WHEREAS municipalities ability to approve or deny development permits for confined feeding operations (CFOs) has been taken away by the provincial government in favour of a provincial body, the Natural Resources Conservation Board (NRCB), which has been appointed as the approving authority; and WHEREAS the NRCB, which is the new authority for reviewing CFO applications, has indicated that they will base their decisions for approval or denial of permits for CFOs upon science; and WHEREAS the NRCB bases their decisions only upon their own government departments scientific information or information supplied by the applicant; and WHEREAS the general public and municipalities, who are the grassroots representation of the people, should be permitted to submit scientific evidence relating to CFOs; and WHEREAS due to the cost of obtaining such expert evidence, municipalities and the public are prohibited from retaining expertise;
THEREFORE BE IT RESOLVED that the Alberta Association of Municipal Districts and Counties request the provincial government to direct the Natural Resources Conservation Board to provide financial compensation to interveners who find it necessary to defend municipal or public positions in relation to appeal hearings dealing with applications for confined feeding operations.
The Government of Alberta has consistently reduced the role of municipalities in the approval process involving confined feeding operations (CFOs). The most recent legislation, the Agricultural Operation Practices Amendment Act, 2004, allows approval officers to only consider the consistency with the municipal development plan regarding land use provisions. This modification effectively waters down municipal involvement in the approval process by not allowing the approval officer the ability to consider other factors. The approval authority for CFOs now rests with the Natural Resources Conservation Board (NRCB). The NRCB is a government board with members appointed by the government. The NRCB has consistently stated that decisions respecting CFOs will be based on science. The approval process for CFOs involves the applicant providing specific information to the NRCB including soils testing and water well reports. Municipalities are not allowed access to this information during the initial review process. The NRCB reviews the technical information provided with respect to soils while Alberta Environment considers the water information. Government is responsible for evaluating all of the technical information provided with the application. Recent reviews before the Board have demonstrated serious flaws in the technical evidence given to the Board to consider by both the applicant and government departments. The legislation provides for a review of the decision of the approval officer. In pursuing a review of any decision, the municipality and the public must be prepared to debate the technical merits of the application. A review of the technical aspects of an application will involve the use of outside consultants and lawyers in order to present a bona fide case to the NRCB. The retention of experts is expensive and it is often beyond the financial ability of the municipal government or the public to shoulder such costs. The Energy and Utilities Board has recognized the rights of interveners in the regulatory process. In doing so this Board has allowed cost recovery for the interveners in order to provide for a fair and equitable process. The government should require the same for the NRCB, cost recovery for interveners. Lastly, once a decision of the NRCB is rendered denying an application, there is nothing in legislation that prohibits the proponent from filing another application(s) on the same property. In this scenario all those in opposition to the application would be required to intervene yet again incurring the same expenses a second time, thus committing to a never-ending cycle of applications, reviews and expenses. This might be resolved if interveners were allowed costs.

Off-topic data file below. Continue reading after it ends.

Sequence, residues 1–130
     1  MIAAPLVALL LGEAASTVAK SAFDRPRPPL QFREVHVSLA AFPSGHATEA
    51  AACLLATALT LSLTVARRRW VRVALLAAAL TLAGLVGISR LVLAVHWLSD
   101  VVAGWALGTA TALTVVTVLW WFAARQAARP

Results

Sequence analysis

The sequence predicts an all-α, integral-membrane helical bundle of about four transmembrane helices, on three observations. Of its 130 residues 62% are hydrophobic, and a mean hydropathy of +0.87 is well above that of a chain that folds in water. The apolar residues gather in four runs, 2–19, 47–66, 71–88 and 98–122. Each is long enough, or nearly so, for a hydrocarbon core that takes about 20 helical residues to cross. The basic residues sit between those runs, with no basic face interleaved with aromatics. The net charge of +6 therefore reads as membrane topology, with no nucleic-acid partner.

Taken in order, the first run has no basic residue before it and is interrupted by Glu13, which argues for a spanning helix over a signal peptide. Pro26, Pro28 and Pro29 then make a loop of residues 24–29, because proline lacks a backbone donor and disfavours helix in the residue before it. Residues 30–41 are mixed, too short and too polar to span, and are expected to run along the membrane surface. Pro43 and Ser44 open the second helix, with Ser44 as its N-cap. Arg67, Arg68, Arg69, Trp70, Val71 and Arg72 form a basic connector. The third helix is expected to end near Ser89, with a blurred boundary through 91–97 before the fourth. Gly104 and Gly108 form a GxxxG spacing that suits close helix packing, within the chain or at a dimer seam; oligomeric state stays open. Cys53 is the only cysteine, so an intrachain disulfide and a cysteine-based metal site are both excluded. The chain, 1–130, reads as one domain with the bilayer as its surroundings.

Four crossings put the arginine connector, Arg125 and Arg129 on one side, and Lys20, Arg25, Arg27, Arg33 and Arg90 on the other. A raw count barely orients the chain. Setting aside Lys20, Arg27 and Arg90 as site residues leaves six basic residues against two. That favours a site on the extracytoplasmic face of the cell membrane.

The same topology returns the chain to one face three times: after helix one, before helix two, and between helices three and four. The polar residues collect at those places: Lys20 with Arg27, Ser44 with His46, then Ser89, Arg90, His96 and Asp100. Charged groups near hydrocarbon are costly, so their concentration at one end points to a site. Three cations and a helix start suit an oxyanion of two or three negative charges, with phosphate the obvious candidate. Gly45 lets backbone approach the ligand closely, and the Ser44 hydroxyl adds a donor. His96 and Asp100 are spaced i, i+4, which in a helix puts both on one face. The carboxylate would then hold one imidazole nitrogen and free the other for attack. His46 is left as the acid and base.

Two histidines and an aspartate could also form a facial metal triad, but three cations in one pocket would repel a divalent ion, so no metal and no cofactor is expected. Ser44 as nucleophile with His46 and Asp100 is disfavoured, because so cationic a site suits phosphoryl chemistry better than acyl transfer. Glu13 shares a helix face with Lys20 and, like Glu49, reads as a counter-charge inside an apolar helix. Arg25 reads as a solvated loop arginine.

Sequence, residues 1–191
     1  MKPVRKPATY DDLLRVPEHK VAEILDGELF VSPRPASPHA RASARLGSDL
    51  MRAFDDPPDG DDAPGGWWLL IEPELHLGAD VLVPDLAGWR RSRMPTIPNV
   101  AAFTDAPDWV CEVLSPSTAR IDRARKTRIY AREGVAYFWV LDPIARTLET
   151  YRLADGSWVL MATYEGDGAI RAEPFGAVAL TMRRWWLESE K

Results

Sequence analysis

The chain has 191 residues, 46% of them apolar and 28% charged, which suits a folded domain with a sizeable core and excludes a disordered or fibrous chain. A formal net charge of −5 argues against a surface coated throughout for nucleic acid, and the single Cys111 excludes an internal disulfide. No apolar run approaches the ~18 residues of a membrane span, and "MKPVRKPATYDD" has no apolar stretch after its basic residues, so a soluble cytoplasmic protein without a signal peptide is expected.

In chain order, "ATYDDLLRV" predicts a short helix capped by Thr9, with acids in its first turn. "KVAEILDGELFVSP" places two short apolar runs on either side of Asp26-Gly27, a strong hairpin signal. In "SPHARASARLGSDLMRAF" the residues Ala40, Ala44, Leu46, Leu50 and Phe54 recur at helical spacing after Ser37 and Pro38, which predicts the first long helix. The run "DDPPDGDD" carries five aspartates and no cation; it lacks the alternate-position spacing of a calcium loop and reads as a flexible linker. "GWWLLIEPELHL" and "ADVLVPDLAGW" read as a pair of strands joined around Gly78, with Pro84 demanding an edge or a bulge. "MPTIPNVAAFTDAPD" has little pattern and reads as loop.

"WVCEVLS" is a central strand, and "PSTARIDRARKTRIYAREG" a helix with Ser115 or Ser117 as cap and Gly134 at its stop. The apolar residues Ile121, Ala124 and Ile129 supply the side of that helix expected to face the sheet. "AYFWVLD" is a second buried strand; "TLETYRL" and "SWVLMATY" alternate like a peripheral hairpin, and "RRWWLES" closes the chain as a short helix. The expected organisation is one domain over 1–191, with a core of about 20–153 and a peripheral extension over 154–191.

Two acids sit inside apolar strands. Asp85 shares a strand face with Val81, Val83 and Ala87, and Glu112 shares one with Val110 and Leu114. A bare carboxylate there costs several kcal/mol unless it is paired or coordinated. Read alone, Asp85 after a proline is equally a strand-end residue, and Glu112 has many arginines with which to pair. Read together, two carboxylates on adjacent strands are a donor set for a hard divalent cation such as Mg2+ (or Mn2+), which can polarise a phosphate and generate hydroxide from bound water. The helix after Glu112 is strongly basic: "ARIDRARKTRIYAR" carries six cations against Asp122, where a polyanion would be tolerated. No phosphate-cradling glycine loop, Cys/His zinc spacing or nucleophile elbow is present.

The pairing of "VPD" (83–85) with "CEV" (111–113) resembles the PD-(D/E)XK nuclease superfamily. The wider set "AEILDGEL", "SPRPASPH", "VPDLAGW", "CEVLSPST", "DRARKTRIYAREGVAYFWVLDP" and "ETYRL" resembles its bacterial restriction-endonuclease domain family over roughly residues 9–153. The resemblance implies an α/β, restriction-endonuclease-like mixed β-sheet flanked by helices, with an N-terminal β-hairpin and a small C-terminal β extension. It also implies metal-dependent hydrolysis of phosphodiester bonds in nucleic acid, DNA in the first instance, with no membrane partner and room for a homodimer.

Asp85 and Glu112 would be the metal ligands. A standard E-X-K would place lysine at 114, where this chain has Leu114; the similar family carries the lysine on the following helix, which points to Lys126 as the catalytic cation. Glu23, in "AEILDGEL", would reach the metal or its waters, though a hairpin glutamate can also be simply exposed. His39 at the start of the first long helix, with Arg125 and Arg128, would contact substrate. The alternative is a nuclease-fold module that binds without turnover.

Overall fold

The AAMDC has one resolution currently in effect that is similar to the resolution above. Resolution 2-01F, endorsed at the fall 2001 convention, urges the provincial government to fully compensate municipal governments for any costs they may incur when providing assistance to the NRCB with respect to CFOs.
In fall 2001, the AAMDC passed a similar resolution calling for provincial compensation for municipal expenses related to the NRCB and CFOs. As part of its response to the Agricultural Operation Practices Act (AOPA) in 2004, the AAMDC called for a greater municipal role in the confined feeding operation approval process. The Act does not currently have a provision with respect to intervener funding, and awarding costs would require a legislative amendment. To date, the provincial government has rejected our request for a legislative amendment to AOPA to provide a mechanism for intervener funding.